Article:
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Creating a smoke-free generation in Alberta

After helping to "but out" a billion cigarettes over the past three years – enough cigarettes to circle the world twice if placed end to end – the provincial government was a worthy recipient of the recent Tobacco Reduction Achievement Award.

After helping to "but out" a billion cigarettes over the past three years – enough cigarettes to circle the world twice if placed end to end – the provincial government was a worthy recipient of the recent Tobacco Reduction Achievement Award.

The award was presented last month to Health and Wellness Minister Gene Zwozdesky by the Campaign for a Smoke-free Alberta, a coalition of prominent health organizations that are working collaboratively to reduce the harmful effects of tobacco.

The award recognized the consistent three-year reduction in tobacco use that has led to the consumption of one billion fewer cigarettes since 2007.

This remarkable reduction represents an important milestone in the ongoing effort to reduce the impact of Alberta's leading avoidable cause of premature death.

This milestone marks a turning point for tobacco use in Alberta that reflects a growing emphasis on healthier lifestyles and on improving our quality of life.

The sharp reduction in tobacco use also points to a strong cause-and-effect relationship between effective tobacco control policies and consumption. Indeed, since 2007, the Alberta government has taken the following tobacco reduction measures: * two tobacco tax increases totaling $1.00 per pack of 25 cigarettes; * legislation to make almost all workplaces and public places 100% smoke-free; * prohibiting tobacco retail displays or "power walls"; * banning tobacco sales in pharmacies, healthcare settings and post-secondary institutions; * measures to reduce contraband tobacco; * legislation to recover negligent Medicare costs from the tobacco industry; and * the renewal of the Alberta Tobacco Reduction Strategy.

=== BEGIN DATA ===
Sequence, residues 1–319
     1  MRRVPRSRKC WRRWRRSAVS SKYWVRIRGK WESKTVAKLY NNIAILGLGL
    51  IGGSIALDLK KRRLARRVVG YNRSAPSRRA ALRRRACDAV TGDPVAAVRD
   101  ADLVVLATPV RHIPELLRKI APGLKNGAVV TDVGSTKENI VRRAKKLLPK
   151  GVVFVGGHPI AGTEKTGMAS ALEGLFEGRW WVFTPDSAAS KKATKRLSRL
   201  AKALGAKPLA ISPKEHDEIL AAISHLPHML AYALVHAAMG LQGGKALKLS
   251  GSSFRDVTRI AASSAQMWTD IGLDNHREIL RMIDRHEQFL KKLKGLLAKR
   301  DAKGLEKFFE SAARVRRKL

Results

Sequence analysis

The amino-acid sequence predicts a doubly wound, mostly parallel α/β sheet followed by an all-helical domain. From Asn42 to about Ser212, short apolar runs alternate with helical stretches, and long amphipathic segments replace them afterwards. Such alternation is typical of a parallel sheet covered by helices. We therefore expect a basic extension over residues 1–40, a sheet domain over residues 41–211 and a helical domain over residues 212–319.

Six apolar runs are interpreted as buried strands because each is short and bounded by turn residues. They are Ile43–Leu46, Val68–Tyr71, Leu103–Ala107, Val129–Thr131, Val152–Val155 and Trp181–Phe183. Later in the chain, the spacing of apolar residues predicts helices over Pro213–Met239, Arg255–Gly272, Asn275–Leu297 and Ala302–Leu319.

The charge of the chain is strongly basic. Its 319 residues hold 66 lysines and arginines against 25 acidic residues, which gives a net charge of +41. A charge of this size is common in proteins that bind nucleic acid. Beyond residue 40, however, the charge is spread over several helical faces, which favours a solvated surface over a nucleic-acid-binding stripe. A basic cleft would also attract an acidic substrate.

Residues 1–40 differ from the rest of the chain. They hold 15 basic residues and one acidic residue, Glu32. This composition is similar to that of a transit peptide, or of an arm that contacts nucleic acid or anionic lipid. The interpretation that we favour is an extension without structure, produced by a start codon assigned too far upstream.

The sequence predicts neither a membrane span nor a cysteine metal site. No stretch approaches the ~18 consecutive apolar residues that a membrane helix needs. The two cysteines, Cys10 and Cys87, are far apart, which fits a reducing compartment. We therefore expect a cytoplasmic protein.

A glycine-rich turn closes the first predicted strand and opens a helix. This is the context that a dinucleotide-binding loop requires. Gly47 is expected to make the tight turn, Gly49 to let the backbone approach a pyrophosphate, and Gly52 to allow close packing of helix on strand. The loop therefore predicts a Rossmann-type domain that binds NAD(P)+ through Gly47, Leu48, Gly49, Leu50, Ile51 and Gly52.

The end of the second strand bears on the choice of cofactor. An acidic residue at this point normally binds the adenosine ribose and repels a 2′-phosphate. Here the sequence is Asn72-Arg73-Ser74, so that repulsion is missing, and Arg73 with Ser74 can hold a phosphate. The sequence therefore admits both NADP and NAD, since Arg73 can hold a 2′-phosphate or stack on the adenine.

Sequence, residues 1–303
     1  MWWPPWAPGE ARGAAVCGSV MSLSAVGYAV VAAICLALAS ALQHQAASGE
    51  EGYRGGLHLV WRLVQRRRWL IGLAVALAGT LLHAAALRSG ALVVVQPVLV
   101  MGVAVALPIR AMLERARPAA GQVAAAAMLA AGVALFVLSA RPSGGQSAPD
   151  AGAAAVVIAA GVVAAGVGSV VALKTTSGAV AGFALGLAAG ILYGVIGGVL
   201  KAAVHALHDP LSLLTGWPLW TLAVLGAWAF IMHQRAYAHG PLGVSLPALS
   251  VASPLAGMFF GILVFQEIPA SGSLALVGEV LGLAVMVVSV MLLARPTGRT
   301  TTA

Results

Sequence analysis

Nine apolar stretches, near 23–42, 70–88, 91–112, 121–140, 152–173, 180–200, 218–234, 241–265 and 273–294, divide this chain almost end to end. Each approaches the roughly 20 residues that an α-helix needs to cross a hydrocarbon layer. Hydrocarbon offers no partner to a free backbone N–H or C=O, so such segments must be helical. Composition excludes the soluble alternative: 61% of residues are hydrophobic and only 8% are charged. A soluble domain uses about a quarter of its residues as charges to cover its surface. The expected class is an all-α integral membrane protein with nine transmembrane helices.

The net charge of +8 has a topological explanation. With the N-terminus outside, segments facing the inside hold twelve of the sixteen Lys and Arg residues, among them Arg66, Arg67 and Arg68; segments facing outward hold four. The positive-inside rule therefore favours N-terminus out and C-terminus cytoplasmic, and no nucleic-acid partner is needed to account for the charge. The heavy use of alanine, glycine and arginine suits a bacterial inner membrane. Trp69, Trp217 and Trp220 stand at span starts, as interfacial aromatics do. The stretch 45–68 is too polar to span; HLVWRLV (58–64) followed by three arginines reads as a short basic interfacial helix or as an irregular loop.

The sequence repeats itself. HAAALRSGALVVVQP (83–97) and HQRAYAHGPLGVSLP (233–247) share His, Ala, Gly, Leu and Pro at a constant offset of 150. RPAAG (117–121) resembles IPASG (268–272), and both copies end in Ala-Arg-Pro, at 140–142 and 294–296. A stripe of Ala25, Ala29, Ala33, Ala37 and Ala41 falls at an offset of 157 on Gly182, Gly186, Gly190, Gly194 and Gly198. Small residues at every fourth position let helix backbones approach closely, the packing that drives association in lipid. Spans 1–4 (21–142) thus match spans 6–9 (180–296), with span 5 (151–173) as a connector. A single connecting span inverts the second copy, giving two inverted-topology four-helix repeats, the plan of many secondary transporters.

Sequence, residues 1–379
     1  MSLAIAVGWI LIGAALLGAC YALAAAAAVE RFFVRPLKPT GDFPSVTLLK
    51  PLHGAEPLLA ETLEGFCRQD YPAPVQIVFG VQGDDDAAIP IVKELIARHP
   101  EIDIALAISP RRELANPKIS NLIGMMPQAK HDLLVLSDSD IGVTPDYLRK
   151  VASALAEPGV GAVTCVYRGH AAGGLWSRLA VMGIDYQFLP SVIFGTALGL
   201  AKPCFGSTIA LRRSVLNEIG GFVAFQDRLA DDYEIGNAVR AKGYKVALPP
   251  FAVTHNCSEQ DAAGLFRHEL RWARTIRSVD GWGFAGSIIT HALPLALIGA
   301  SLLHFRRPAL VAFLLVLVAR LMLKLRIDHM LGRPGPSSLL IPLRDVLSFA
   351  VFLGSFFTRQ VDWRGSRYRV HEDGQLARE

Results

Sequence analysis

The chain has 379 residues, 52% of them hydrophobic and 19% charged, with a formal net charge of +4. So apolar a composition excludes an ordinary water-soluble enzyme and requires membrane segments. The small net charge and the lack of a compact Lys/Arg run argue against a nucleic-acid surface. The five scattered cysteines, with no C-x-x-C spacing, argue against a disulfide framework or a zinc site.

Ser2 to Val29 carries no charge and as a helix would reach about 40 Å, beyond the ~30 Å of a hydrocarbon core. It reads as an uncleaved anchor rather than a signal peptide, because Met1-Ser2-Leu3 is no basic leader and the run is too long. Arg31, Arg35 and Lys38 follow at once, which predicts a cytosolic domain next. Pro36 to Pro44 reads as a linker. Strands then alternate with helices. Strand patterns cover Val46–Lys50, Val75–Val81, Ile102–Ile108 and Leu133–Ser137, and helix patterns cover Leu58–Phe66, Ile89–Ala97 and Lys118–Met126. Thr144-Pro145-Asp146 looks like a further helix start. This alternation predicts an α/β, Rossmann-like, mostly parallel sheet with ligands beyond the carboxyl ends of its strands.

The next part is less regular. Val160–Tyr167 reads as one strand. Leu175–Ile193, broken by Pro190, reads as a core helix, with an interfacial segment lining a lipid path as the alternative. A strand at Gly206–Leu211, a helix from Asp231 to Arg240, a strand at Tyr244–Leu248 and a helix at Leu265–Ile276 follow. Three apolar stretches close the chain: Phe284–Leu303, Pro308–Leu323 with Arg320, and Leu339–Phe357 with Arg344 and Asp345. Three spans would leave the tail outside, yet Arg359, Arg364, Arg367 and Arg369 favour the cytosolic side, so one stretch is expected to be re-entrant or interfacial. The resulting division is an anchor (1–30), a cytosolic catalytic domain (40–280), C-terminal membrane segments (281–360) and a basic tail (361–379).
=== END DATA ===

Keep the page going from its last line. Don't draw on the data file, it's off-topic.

Based on these combined efforts, there can be no doubt that the Alberta government is sincerely committed to reducing tobacco use and improving public health.

Furthermore it is apparent that the government recognizes the impact of healthy public policy and accepts full responsibility for its role in combating tobacco use.

Children are our future, and unfortunately, they are also the future of tobacco companies. We must not forget that we are competing with the tobacco industry for the hearts and minds and lungs of our young people.

Therefore a top priority has to placed on further measures to keep this predatory industry away from our children.

How serious are the tobacco companies about retaining – and expanding – the youth market?

While the current smoking rate among adults is 18%, the rate among 15- to 19-year-olds is almost comparable at 16%.

Vigorous denials notwithstanding, the tobacco industry continues to aggressively target youth with a variety of marketing strategies including candy flavourings, price discounts, colourful packaging and even "slim" cigarettes which target weight-conscious young females.

The Alberta government needs to maintain its resolve in combating tobacco use with a renewed emphasis on keeping the tobacco industry away from kids.

Given that 80% of smokers begin their addiction as teenagers, the key to reducing tobacco use over the long term is helping kids to remain smoke-free from the start.

The government can and should approve more policy measures to reduce teen smoking including more tax increases, stricter controls on sales to minors, banning flavourings in all tobacco products, and making parks, playgrounds and vehicles smoke-free if kids are present.

Alberta is making good progress but more work needs to be done in order to curb the spread of the tobacco epidemic to future generations.

Gail Foreman Action on Smoking and Health spokesperson Red Deer